Regarding exams for cops and firefighters, on pages 162-4 of The Closest of Strangers, I took issue some of the reasoning behind challenges by PRLDEF and others to such exams.
Look these up if you're going to weigh in on the confirmation hearings.
And, again, I've collected my TPM columns on Obama's handling of race throughout the 2008 campaign as"Sleeper's Obama Chronicles." Posted from the morning after the New Hampshire primary of January 8, 2008 through Inauguration Day, these trace the evolution of my and many other people's thinking about Obama's candidacy and his handling of charges involving race, elitism, exoticism, and more.
If you or anyone you know is writing a book or article on the campaign, you'll want these columns. They include assessments of what other commentators --Shelby Steele (1 column), Sean Wilentz (2 columns), and leftist academic critics of Obama (2) -- were saying about his handling of race. They also assess Louis Farrakhan's unwanted endorsement, the Rev. Jeremiah Wright, Obama's comment about whites who" cling to guns and God," and Obama's speech on race in Philadelphia.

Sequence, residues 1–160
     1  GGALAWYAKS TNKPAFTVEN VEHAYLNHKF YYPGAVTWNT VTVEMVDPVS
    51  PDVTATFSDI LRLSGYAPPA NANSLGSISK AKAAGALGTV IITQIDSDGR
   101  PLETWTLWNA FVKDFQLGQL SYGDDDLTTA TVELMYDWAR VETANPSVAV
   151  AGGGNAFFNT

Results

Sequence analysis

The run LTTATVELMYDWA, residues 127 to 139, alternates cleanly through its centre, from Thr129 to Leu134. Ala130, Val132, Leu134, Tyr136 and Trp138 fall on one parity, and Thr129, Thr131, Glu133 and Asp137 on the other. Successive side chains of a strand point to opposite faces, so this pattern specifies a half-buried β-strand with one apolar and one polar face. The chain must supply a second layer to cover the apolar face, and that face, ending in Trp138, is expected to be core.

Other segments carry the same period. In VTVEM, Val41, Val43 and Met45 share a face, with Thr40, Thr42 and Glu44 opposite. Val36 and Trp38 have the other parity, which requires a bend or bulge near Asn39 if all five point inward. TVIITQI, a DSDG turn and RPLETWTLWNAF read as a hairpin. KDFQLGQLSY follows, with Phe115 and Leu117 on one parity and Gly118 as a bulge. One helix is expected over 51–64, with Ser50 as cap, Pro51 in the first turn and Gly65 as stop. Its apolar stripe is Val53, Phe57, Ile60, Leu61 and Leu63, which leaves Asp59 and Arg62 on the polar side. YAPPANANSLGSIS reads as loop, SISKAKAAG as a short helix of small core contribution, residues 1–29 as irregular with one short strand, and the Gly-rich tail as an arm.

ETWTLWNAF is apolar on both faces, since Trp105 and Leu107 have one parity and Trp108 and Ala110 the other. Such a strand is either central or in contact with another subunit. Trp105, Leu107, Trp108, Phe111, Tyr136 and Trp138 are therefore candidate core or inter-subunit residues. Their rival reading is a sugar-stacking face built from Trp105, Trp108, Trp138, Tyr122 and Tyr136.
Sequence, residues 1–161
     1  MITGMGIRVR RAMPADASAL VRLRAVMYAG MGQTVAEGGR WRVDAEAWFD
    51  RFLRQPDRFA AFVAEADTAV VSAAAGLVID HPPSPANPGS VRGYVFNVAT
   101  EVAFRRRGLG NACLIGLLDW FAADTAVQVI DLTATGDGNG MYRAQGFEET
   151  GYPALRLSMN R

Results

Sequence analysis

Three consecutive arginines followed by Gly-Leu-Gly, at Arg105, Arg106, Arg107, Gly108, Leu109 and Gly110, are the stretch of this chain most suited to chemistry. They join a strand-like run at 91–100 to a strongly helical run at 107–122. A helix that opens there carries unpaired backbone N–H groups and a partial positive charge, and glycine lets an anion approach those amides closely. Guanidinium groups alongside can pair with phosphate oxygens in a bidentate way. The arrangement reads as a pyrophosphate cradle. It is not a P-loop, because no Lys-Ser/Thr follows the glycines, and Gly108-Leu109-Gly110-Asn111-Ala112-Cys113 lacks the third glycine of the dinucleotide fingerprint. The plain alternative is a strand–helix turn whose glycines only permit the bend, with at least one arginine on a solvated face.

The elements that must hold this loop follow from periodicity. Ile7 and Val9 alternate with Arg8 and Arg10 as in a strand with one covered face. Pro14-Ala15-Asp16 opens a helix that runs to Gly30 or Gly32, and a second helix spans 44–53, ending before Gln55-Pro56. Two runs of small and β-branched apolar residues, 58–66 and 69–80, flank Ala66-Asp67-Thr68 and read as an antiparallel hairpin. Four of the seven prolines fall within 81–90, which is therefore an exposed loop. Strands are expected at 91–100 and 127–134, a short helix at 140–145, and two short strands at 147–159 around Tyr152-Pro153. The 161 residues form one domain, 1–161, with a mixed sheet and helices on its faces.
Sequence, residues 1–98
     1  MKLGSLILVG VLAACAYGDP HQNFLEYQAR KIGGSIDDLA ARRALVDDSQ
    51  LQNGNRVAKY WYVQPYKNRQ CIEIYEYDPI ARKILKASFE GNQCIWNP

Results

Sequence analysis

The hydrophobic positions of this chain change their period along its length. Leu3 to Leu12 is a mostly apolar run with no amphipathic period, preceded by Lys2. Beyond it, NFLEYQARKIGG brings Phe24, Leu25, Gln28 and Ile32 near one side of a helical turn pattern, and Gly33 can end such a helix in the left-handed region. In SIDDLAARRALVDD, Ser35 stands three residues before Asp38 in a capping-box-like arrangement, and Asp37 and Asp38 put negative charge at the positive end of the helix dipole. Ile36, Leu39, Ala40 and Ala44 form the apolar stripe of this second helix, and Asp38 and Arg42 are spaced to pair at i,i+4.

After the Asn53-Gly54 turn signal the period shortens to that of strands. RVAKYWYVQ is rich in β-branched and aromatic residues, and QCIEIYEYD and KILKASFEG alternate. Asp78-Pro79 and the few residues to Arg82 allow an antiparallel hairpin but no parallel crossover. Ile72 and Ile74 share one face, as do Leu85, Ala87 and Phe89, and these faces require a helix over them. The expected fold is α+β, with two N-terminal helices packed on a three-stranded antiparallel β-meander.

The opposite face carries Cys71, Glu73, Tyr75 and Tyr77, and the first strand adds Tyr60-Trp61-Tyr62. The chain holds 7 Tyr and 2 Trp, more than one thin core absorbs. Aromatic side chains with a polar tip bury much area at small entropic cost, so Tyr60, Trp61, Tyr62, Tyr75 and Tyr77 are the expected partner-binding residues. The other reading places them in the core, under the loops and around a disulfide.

Other titles suggest their contents:"Obama, Crowds, And Power","Obama: Neo-Liberal or Civic-Republican?" There are also two classic columns on Republicans --"Why Giuliani Really Shouldn't be President," -- a column that played a critical role in turning the chattering classes against his bid -- and"Yoo Es Ay! Yoo Es Ay!" on the 2008 Republican National convention.
Also included in the"Obama Chronicles" are comments that others made about the columns in the New York Times "Opinionator," The Chronicle of Higher Education, and the website of neo-con Obama-basher Daniel Pipes.
Finally, I'll mention that I've also collected my eight TPM columns on Israel, Gaza, and how and how not to report on Israel-Palestine. At last, they're all in one place, along with a link to a 20-minute NPR interview I did on them.
Sorry not to be able to offer more on the Sotomayor debate, but I'd better get back to work.
Posted on: Sunday, May 31, 2009 - 22:35
SOURCE: Special to HNN (5-30-09)